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The Gravedancers – Review

The Gravedancers – Review

Dec 31, 2010

reviewed by hallo
directed by Mike Mendez, 2006
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There is a universal creed among horror movie lovers as it pertains to unknown films:  We live to stumble across that rare gem of a movie that nobody seems to know about and that delivers on all counts.  Let’s face it, for every 15 unknown horror movies we watch, we are lucky to find one that actually is worth the 90 minutes of viewing time.  I took a chance on a movie called The Gravedancers.  I was smiling at the end.

Mike Mendez, a director you have never heard of, takes a fairly bland idea of bringing the spirits of the dead back to life, and has a lot of fun with it.   Three old college buddies are mourning the death of their close friend and decide to visit the cemetery late at night for one last goodbye.  Drinking a little too much and stumbling across a card someone left behind with a rather bizarre poetic sentiment, the trio recites the poem and dances on three random graves.  That recitation (think Evil Dead) and dancing were not so good ideas since the ghosts of those three dead bodies are now out to kill whoever was dancing on their grave.  For Harris, it is an ax murderer.  For Kira, it is a rapist.  For Sid, it is an arsonist.  Once the three collectively realize they are being haunted, they consult some paranormal researchers.  Come to find out, they recited an ancient Irish curse that has now brought the spirits of these dead upon them and they won’t stop until the living are dead.  Actually, it seems that the dancing is really what ticked the dead people off, but I guess the poem was equally effective.  Anyway, after a lot of creepy interactions with the spirits, they finally discover the way to end the curse; dig up the bones of the dead and re-bury them.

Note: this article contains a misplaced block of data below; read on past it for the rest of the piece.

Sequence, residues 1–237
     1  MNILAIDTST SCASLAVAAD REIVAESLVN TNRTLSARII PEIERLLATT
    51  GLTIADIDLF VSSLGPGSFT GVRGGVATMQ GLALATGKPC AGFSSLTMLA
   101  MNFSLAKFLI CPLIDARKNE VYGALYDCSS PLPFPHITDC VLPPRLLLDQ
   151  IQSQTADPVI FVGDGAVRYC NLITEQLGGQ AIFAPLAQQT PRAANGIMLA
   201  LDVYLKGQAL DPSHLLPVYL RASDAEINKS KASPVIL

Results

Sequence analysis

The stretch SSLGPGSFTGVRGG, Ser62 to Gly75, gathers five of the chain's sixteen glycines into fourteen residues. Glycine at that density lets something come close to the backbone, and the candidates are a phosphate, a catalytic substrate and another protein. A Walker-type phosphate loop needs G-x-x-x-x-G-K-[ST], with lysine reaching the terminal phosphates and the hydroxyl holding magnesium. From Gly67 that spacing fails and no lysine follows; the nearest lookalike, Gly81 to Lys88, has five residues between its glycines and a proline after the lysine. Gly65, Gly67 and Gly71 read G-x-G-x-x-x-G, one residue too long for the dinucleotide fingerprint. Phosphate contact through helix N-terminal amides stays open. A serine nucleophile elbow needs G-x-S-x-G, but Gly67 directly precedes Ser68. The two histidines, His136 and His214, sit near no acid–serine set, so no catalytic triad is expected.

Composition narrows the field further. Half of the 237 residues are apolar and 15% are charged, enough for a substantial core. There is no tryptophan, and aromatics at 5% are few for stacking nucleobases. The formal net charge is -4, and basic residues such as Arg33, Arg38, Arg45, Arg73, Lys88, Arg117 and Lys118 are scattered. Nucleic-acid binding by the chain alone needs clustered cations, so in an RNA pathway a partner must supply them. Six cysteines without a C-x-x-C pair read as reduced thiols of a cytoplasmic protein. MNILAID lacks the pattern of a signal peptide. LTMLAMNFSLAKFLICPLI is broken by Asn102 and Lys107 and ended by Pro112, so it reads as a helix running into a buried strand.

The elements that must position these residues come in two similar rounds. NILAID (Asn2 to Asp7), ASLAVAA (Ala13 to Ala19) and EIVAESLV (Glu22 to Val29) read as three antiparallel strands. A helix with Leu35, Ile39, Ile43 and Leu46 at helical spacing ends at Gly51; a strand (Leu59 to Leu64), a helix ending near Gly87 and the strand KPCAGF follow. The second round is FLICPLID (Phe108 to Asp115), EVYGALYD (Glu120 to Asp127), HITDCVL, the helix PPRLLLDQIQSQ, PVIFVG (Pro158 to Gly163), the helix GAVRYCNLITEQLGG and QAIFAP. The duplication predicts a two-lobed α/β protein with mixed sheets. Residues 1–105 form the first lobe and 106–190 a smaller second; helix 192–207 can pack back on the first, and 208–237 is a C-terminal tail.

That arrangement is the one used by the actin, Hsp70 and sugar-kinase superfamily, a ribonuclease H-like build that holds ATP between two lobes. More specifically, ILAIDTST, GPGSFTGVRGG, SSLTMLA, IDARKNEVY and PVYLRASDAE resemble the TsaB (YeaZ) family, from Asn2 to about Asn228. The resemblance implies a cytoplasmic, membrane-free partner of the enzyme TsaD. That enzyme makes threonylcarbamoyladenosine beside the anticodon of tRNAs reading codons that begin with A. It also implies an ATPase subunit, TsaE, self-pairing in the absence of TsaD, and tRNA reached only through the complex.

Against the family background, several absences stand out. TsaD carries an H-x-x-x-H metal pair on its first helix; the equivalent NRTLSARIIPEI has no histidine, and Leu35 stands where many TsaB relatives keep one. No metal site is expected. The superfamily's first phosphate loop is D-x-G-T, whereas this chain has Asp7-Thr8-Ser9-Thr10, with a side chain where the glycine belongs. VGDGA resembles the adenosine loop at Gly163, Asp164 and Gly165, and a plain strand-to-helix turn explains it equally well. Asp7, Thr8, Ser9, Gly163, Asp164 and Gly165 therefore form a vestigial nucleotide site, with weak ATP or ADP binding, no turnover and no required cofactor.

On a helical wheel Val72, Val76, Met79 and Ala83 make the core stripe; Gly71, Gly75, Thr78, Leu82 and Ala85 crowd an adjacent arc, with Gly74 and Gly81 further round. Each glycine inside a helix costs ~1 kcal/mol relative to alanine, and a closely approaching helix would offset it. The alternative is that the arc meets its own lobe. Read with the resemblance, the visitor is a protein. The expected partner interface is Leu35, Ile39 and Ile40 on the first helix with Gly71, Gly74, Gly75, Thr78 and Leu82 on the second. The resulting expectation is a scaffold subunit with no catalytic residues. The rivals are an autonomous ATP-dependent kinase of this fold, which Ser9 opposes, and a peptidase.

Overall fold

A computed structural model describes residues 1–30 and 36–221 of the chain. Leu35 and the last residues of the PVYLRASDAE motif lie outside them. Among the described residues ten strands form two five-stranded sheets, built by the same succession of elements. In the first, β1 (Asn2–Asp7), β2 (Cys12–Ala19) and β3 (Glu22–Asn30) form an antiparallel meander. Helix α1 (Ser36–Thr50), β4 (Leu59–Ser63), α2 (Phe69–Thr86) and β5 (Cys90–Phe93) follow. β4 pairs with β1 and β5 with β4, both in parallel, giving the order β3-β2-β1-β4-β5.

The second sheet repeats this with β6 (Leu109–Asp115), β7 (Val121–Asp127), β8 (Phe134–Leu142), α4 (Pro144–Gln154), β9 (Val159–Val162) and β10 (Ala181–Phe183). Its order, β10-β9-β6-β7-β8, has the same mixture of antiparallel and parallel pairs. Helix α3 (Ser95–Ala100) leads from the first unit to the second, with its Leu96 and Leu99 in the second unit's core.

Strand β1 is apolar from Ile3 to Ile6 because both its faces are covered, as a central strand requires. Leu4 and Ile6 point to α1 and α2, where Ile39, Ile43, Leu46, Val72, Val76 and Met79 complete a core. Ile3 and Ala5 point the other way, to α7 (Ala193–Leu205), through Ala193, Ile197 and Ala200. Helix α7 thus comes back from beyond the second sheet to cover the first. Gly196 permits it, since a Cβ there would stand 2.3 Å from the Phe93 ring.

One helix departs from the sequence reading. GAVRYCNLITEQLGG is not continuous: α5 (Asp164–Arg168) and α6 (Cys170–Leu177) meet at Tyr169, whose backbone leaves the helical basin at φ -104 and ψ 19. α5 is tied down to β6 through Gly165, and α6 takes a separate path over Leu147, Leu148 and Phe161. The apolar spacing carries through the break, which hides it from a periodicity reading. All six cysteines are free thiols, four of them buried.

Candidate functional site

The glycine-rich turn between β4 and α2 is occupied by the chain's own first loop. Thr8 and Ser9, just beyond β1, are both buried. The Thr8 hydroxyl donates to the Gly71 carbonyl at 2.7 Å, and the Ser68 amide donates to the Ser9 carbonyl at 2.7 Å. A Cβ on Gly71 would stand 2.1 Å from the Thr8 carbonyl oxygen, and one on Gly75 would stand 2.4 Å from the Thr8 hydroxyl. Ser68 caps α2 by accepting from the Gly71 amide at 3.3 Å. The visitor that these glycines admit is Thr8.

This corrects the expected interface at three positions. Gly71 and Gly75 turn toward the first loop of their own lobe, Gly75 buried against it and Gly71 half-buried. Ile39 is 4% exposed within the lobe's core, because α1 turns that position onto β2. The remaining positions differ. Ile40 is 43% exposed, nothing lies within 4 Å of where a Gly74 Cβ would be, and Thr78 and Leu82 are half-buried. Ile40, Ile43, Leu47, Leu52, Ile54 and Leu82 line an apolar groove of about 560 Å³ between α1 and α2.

This is old-school horror film making done pretty darn well.  I don’t care how many times you see it, whenever an old lady is playing a creepy tune on the piano with her back to you wearing a blood-soaked white gown, you just don’t want her to turn around!  Classic haunted house scares abound in this film, aka The Changeling, but they are not overdone and come across with a glitter of fright.  Mendez also makes sure he covered every possible location for filming that horror movies have been built around for year.  We find the trio being haunted in their house, in a hospital, in a cemetery, and in a Gothic looking mansion in which they get trapped.  One of the highlights of the film was the appearance of Tcheky Karyo as one of the ghosthunters.  Karyo is probably best known for his role as the French military hero in The Patriot alongside Mel Gibson.  He brings a mature and grounded element to The Gravedancers.

The movie certainly has its flaws.  The acting is sub-par, the dialogue is even worse, the audio has issues, and Mendez’s camera seems like it is not always where it needs to be.  Still yet, the look of the film is beautiful, the scares are plentiful, and the build-up of the film works nicely.  By the end, we are thrust into a world of complete paranormal psychosis, which is probably overdone, but I applaud the filmmakers for their willingness to show us what these old friends were actually dealing with.  I found myself laughing, fist-pumping, and at times, flinching throughout the movie.  Really, what more could I want?

If you have Netflix, check it out On Demand.  You will enjoy it.

Click Here to purchase The Gravedancers

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One comment

  1. Scott /

    I watched this last night on Netflix at your suggestion and I agree with everything you said. This was a fun (and scary) movie!

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